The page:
A particular aspect will exacerbate these problems in the future.  Generous payouts for social security, Medicare, and pension and benefits systems constitute a transfer of income from young people to older folks.  These Ponzi schemes are, like all such schemes, unsustainable.  They will breakdown or blow up in the future, damaging many people, families and businesses, and producing more social and political upheaval.

What’s the government excess in foreign affairs?

With the collapse of the Soviet evil empire – which, thank goodness, we helped precipitate – our foreign and intelligence Deep State looked for new adventures to keep its numbers employed and growing.  The Deep State is the illegitimate child of the modern administrative state.

Certainly, Islamic-fascism is a major problem, but it doesn’t justify our continuous involvement in war in the Mideast and elsewhere, as favored by the Deep State. 

It’s also promoting more strategic responses to our next major international problem, the ever-aggressive Chinese state.  However, despite Chinese theft of intellectual property and similar aggressions, a trade war and tariffs are not the answer.  They diminish overall human wellbeing here and in China.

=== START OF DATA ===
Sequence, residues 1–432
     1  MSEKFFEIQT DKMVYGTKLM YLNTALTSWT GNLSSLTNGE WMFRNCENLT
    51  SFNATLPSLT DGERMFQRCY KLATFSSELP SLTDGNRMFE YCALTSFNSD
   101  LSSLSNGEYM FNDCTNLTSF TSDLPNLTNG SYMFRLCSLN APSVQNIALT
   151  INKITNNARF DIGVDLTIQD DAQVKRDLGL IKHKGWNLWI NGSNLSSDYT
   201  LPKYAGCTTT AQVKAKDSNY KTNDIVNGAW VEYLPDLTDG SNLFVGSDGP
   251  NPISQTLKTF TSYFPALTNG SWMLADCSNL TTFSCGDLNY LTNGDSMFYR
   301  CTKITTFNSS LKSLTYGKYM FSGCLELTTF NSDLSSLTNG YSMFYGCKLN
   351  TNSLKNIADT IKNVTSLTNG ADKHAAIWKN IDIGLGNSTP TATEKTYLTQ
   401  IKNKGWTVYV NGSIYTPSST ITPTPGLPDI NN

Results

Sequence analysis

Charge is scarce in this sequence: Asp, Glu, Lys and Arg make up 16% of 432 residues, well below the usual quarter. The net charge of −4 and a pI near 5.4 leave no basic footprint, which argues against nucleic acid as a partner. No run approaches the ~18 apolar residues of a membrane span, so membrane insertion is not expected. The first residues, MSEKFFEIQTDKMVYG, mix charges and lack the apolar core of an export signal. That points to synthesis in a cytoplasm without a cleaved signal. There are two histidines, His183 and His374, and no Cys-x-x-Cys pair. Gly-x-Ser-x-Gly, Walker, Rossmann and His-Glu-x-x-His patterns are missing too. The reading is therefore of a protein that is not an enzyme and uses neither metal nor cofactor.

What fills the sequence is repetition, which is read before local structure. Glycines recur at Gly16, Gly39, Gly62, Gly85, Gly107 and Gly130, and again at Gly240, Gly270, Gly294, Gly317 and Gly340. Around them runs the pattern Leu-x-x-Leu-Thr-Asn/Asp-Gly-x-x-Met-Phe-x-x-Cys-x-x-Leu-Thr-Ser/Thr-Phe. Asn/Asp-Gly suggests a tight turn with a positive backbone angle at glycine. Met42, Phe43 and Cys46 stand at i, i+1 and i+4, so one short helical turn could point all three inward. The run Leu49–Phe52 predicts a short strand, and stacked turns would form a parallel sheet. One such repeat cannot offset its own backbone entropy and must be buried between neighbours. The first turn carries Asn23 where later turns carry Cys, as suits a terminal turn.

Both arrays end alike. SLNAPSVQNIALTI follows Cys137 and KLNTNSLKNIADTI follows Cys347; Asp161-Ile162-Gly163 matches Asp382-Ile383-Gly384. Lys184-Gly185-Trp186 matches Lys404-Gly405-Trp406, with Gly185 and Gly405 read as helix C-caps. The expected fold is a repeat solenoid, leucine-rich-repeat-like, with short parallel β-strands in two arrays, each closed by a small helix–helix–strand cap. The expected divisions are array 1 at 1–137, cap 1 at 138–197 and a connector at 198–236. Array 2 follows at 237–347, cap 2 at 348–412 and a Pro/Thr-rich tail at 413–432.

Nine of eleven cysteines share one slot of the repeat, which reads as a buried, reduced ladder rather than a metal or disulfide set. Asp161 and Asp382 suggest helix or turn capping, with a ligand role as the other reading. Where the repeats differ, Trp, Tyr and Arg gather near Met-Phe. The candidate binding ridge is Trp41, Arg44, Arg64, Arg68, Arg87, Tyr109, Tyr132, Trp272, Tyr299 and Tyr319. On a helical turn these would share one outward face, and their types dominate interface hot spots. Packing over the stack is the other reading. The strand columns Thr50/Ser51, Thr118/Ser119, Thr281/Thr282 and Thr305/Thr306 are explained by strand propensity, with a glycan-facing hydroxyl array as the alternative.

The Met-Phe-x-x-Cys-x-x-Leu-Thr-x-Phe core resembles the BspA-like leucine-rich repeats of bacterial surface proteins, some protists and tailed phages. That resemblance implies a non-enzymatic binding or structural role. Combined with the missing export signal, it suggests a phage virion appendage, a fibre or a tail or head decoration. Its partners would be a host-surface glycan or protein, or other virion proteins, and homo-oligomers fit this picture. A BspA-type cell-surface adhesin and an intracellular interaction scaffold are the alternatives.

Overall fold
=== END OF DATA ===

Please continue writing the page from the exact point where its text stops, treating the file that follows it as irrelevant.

Cultural problems?

Participation trophies, trigger warnings, safe spaces, etc. get more attention than they deserve.  But they are the tip of the spear, reflecting a softening of society, a cult celebrating victim status, corrosive identity politics, and a deep sense of entitlement.  These, coupled with government over-reach in social and political matters, are leading to an inversion of fundamental historic values and rights such as freedom of speech and religion, due process and the presumption of innocence, and Second Amendment self-defense.

What to do?

First, live a good life as a spouse, parent, friend, neighbor and citizen.  Second, stay politically active to leave all our children and heirs a better legacy and life.  For their sake, don’t give up.

 

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Ron Knecht is a contributing editor to the Penny Press - the conservative weekly "voice of Nevada." You can subscribe at www.pennypressnv.com. This is an edited version of his column which has been reprinted with permission. 

 

Published in Opinion

If the tax plan presented by Donald Trump and Republicans is adopted, the average American stands to benefit very little. According to a new report by the nonpartisan Tax Policy Center, four-fifths of American taxpayers can expect their after-tax income to increase .5 percent or less, while the top fifth of earners would see a three percent increase in after-tax income.